An updated version of an 11-year-old treaty between researchers at UK universities and the institutions and government bodies that fund and employ them aims to improve the work–life balance and career development of scientists.
The Concordat Strategy Group, a collection of researchers from around the United Kingdom, created the Concordat to Support the Career Development of Researchers, which updates a previous treaty released in 2008. Participation in the agreement is voluntary, but its effects should be far-reaching, says Katie Wheat, head of higher education for Vitae, a scientist-advocacy group based in Cambridge, UK, that provided support for the project. “The principles outlined in the concordat are not just good for researchers, they are good for institutions, the quality of research, and for the supply of talent beyond academic research,” she says. “All organizations should want to sign up.”
The concordat targets staff members who are primarily employed to do research, including postdocs, contract researchers and technicians. The update addresses important trends that have affected scientists in the past 11 years, including the surge of fixed-term contracts for researchers and the growing awareness of mental-health issues in this group.
The new agreement reflects input from nearly 600 individuals and institutions who responded to a Vitae survey earlier this year. Respondents made a clear call for unity. As one wrote, “The new Concordat must have buy-in from all partners, be they Government, HEIs [higher-education institutions], funders, institutions, Royal Societies, organisations and perhaps most importantly — the postdocs themselves.”
Respondents almost unanimously agreed that scientists need more support for development of their research and career goals. To that end, the document suggests that researchers should be able to devote ten days every year to free professional-development training. Funders are expected to make this a requirement for all grants, and researchers are expected to take advantage of the opportunity, even if that means stepping away briefly from the laboratory.
As of 24 September, the Concordat had 15 signatories, including the London-based charity Wellcome, the largest non-governmental funder of research in the United Kingdom. Another notable signatory is UK Research and Innovation (UKRI), a non-governmental agency established in 2018 to direct funding and boost cross-disciplinary research. Signatories are expected to uphold the tenets of the concordat and produce a publicly available annual report that shows the steps they’ve taken to uphold the treaty’s mission.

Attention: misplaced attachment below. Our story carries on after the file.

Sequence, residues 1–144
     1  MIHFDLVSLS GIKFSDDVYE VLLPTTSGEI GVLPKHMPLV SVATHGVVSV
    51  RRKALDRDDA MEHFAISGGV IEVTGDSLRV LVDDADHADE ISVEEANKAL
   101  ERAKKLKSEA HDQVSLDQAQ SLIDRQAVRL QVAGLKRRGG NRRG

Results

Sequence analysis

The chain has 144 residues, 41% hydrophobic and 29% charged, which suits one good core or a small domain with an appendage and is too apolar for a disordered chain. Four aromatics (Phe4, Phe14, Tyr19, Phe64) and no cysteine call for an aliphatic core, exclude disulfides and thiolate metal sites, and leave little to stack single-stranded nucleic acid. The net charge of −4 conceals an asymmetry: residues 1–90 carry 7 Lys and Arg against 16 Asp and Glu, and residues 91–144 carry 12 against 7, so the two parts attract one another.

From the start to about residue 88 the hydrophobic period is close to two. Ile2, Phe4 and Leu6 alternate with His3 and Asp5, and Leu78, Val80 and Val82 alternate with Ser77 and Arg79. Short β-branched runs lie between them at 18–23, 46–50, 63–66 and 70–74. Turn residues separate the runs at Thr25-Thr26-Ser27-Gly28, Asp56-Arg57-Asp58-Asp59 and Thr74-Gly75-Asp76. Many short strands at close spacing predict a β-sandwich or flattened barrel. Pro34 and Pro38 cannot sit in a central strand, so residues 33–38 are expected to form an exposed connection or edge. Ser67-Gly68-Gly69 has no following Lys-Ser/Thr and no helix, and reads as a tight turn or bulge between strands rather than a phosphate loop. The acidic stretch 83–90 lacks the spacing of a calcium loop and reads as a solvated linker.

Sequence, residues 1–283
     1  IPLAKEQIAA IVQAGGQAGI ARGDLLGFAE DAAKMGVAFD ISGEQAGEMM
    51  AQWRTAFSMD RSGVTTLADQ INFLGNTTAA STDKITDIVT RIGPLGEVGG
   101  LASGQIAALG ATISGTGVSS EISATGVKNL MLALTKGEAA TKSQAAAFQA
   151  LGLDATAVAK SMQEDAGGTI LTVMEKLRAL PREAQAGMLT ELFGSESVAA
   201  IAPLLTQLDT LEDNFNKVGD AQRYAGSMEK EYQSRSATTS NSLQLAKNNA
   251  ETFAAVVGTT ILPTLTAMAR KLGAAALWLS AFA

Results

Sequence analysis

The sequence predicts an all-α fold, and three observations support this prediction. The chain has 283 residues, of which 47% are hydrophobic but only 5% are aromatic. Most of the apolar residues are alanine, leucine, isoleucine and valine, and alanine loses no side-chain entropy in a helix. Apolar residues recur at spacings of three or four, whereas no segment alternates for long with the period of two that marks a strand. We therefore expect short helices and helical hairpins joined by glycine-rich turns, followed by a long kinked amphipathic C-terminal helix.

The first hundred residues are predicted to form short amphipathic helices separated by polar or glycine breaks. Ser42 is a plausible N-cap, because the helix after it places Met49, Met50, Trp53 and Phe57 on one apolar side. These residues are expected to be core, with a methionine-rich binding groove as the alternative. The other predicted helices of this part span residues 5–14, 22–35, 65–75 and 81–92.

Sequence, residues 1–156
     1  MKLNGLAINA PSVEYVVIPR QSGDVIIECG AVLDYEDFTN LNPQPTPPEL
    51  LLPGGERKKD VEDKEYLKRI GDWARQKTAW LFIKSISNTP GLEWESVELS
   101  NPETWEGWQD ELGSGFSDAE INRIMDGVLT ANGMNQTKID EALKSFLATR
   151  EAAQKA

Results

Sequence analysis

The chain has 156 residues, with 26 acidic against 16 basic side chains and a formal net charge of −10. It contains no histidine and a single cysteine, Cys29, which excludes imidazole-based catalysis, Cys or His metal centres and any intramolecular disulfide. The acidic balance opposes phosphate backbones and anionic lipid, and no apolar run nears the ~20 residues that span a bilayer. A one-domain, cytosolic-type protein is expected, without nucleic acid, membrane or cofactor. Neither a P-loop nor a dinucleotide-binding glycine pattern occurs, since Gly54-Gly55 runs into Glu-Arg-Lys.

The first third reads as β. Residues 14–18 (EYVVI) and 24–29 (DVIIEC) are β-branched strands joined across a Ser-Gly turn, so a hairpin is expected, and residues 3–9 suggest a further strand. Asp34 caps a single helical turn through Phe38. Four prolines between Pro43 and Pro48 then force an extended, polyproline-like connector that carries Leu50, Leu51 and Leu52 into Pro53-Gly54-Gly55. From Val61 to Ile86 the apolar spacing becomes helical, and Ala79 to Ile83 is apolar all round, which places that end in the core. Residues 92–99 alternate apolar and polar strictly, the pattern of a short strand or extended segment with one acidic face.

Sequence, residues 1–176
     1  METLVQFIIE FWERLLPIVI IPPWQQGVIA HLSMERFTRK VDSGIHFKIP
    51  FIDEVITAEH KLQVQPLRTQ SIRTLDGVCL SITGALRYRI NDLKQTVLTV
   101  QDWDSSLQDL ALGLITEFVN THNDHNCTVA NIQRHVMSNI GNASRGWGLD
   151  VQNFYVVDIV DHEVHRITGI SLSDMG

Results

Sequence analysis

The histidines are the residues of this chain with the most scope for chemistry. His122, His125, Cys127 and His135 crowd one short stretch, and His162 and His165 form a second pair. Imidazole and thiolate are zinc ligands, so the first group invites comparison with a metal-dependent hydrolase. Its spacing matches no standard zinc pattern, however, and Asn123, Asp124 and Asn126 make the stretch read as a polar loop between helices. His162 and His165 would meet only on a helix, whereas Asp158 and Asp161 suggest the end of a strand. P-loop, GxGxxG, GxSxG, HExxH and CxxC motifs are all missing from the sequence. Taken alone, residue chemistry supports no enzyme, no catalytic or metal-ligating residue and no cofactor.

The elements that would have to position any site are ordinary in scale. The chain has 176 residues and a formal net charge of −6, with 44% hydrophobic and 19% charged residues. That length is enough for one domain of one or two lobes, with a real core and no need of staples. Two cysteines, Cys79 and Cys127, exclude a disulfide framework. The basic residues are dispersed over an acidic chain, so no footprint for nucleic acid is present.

Signatories agree to promote an ‘equitable environment’ when it comes to grants and grant reporting — a goal that received attention at a conference held by UK postdocs on 13 September at Queen Mary University of London. David McAllister, associate director of research and innovation at UKRI, said at the conference that the concordat should help postdocs to get much-deserved recognition on grant applications. He said that it is “morally unacceptable” that postdocs are unnamed on most grant applications even though 60% of UKRI’s funding goes to their salaries.
Owing to reports of high levels of stress, anxiety and depression in researchers, the concordat also calls on institutions to “promote good mental health and wellbeing through, for example, the effective management of workloads and people, and effective policies and practice for tackling discrimination, bullying and harassment”.
A UKRI spokesperson says that, as part of its commitment to the concordat, the organization will provide funding to 17 UK universities in 2020 to support the mental health and well-being of postdoctoral researchers. UKRI says that it supports all of the principles of the document and is already working on plans to put them into action.
Nature 574, 141 (2019)
Additional reporting by David Payne, a managing editor at Nature.